When I try too overtly to write with theme in mind, the writing gets stiff as if I’m trying to beat the readers on the head with a message. I hate that in books myself, so I don’t want to do it to my readers. For me I just have to go with the flow of telling the story. I’m still a major work in progress as a writer, but most of the time, when I just let go and tell the story, I manage to convey theme anyway.

  7. Lately, I’ve been thinking of them as similar to character arc. I do know my theme in general terms–my last WIP was called Building a Villain, my current one Redemption, so you can see the themes–but I don’t focus on it so much. It’s like you said, theme was so brutally beatup in English class, I’m letting it do its thing quietly on its own time.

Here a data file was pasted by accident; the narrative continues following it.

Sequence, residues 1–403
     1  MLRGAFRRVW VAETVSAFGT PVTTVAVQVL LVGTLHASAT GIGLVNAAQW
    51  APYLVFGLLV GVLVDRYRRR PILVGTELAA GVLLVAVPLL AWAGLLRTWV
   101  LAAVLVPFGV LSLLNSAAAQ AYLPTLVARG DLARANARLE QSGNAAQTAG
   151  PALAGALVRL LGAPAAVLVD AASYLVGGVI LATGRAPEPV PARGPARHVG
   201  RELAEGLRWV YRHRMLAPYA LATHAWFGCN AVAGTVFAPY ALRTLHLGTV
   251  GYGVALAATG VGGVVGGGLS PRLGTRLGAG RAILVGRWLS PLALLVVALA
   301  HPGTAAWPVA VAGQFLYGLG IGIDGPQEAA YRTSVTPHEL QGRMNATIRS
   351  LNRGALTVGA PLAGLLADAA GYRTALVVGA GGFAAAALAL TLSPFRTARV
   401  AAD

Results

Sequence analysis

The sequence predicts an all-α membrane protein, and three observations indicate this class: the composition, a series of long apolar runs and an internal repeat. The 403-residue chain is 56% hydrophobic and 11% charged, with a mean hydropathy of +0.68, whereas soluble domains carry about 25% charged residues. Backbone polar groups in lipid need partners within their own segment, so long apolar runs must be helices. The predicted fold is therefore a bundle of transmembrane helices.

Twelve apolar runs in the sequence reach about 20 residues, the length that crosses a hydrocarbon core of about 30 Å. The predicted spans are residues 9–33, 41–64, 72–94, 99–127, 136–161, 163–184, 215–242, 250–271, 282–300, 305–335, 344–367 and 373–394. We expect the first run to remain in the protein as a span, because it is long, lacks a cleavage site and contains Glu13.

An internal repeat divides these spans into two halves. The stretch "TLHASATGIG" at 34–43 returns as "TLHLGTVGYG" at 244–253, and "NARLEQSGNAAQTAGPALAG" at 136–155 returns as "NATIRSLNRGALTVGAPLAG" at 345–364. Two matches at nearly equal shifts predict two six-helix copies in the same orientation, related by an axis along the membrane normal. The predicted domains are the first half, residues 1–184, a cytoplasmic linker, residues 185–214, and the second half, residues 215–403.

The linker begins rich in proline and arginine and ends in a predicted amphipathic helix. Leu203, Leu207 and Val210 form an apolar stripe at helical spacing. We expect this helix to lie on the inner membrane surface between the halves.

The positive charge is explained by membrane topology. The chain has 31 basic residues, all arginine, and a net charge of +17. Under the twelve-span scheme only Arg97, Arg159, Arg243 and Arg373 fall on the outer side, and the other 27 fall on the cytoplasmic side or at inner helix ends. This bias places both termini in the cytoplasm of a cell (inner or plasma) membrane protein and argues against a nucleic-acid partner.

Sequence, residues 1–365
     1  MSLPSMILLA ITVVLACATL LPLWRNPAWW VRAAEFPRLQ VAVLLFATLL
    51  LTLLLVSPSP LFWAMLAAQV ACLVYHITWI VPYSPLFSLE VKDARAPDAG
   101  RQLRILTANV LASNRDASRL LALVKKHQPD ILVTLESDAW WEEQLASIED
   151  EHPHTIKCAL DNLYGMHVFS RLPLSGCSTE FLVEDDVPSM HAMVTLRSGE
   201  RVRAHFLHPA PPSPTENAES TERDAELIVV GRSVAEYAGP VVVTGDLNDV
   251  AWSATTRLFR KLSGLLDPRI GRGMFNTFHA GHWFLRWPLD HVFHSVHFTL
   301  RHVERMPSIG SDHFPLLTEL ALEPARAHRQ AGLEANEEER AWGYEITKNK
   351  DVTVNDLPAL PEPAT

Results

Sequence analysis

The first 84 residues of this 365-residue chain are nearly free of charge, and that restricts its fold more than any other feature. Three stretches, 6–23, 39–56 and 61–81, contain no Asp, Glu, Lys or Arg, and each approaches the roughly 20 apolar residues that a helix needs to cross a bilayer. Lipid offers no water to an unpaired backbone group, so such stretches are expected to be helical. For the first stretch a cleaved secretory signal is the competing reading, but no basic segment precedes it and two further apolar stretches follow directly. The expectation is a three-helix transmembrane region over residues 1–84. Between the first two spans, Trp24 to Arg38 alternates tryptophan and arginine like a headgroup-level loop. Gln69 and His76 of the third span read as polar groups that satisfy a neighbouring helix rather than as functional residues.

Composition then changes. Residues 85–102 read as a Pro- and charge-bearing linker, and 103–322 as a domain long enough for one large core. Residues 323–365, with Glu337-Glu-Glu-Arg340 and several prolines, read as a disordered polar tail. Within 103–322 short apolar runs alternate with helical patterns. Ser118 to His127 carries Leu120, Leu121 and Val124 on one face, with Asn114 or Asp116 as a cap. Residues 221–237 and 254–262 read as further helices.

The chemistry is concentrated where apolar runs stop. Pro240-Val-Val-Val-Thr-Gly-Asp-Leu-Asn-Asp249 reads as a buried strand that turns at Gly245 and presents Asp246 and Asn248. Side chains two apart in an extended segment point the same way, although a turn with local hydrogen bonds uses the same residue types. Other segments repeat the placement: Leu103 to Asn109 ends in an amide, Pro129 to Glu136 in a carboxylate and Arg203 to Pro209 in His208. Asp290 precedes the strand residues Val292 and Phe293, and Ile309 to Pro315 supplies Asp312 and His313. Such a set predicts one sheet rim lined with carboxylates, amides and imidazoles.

But I figure if I have a strong character arc, something the character has to overcome or learn, there’s a theme in that.

    • I’m letting it do its thing quietly on its own time.
      That seems to work best for me. Following GMC: What does the character want, why does she want it, and what’s in her way? gets me going, and the theme shows up along the way. Or at least, my readers think so.

  8. I usually have a theme in mind because I get to a “mirror moment” early. I found that in the dead center of so many great stories is a moment of forced reflection that tells us what the story is really all about. The mirror moment of self-loathing in Casablanca sets up the theme to come, that sacrifice for a higher cause is a duty greater than to our own self interests.